I had the pleasure of meeting Sydney Ko when my son and I went on a tour of the University of Chicago. Part of our investigation of the school included lunch with Sydney and others from the CS Department. I thought she’d be a great STEM Girl to highlight as we head into Computer Science Education Week. I think you’ll agree.
Meet Syndey Ko
Why did you decide to study computer science?
Initially, my interest was spurred by my mother and my computer science teacher. My mother is a computer engineer from the University of Illinois Urbana-Champaign. She always encouraged me to pursue my interests in codes and tinkering from a young age. My AP Computer Science teacher also strongly influenced my decision to enter the field of Computer Science. She helped me realize that I had a strong passion for coding. These two women alone have helped me realize the significant importance of female role models in the field of Computer Science.
I continue down my path to becoming a computer scientist because I am passionate about making things more efficient. My desire for efficiency started with code; my classes taught me about algorithmic ways to execute processes in the most efficient manners, and then I began seeing life through this lens. The code empowers you to create tools to allow the processes of life to become more efficient. Technology is only as effective as its creator makes it to be, and computer science is about developing today’s computer technology to handle tomorrow’s issues.
As I’ve toured colleges with my older son who intends to major in CS, I’ve noticed that our tour groups are heavily male, usually about 80%. What is it like being a woman in your program?
While the gender gap in the field of Computer Science remains an issue, I have found that being a woman in CS can be at first frightening, but eventually extremely empowering. I initially approached my major classes with a sense of intimidation and expected my male peers to far surpass me academically; however, throughout the courses I have performed on par with my male peers and developed self-confidence, which has helped me become more self-reflective. This sense of self is what I hope to inspire others, of both genders, to find in themselves as well. Being a woman in CS has given me the opportunity to reach out to other women in CS and mentor younger women. I find these relationships incredibly rewarding and I feel supported by the many networks of women that have sprung up to empower women in CS.
It sounds like you’re working to help more girls learn about CS as a course of study or career. Tell me more about that.
Empowering women through CS is a movement that I want to continue contributing to. On campus, I have been a part of the University of Chicago’s chapter of Females Excelling More in Mathematics, Engineering, and Science (FEMMES), a student-organized group that works “to close the technology gender gap.” In February of 2015, FEMMES hosted a Code Camp that invited one hundred middle school girls to campus to participate in a daylong CS workshop. This year, I am Graphics Head and will be continuing to produce digital material as well as constructing a website for FEMMES.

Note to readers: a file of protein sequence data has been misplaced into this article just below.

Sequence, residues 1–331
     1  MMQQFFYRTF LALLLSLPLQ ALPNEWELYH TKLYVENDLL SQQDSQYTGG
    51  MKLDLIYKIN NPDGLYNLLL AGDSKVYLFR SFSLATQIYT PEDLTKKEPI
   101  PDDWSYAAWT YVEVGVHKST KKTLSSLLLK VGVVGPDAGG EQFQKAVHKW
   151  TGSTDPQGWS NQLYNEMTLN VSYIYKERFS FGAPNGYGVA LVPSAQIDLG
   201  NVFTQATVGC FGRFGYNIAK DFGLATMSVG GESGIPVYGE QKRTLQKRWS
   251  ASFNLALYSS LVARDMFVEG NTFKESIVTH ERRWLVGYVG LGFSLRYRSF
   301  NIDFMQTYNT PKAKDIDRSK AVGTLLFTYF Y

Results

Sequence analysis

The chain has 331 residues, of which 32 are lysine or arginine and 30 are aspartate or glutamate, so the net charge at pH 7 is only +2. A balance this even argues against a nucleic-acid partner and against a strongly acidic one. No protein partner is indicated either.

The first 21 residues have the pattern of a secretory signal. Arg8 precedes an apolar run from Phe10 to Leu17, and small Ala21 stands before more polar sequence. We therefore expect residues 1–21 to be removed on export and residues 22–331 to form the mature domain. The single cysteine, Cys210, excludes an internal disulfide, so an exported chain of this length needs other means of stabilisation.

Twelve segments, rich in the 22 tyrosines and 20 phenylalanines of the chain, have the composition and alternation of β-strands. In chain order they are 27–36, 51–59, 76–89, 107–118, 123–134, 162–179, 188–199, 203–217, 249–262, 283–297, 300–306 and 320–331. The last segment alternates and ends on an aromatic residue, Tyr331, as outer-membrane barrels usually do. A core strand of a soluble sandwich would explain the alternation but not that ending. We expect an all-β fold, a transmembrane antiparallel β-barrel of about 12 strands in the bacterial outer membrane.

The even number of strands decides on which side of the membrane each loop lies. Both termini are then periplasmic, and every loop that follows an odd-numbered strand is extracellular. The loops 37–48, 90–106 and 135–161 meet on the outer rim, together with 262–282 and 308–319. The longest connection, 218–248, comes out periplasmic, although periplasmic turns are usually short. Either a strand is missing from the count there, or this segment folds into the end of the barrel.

Off campus, I was a teaching assistant for Girls Who Code, a national non-profit organization that works to close the gender gap in technology and engineering fields. I worked with female high school students during a seven-week intensive program encompassing computer science, algorithms, robotics, mobile development, and web design. My role was to teach, mentor, and foster an environment where the students are able to pursue their computer science passions.
What do you see yourself doing after graduation?
Post-graduation, I plan on continuing in the line of Computer Science work. While I aspire to create meaningful code and to continue to encourage women to enter computer science, I ultimately want to contribute to movements that bring Computer Science to countries that are currently less technologically developed. In an era where technology has become so saturated in developed countries, countries that simply are not technologically equipped appear to be at a large disadvantage.
What advice do you have for young women who might want to follow in your footsteps?
“Not everyone can become a great artist; but a great artist can come from anywhere.” Don’t be afraid to start something new. Don’t be afraid to fail. Don’t take failure as a sign of incompetence — instead take it as an opportunity to grow. Stop doubting yourself. You can do it!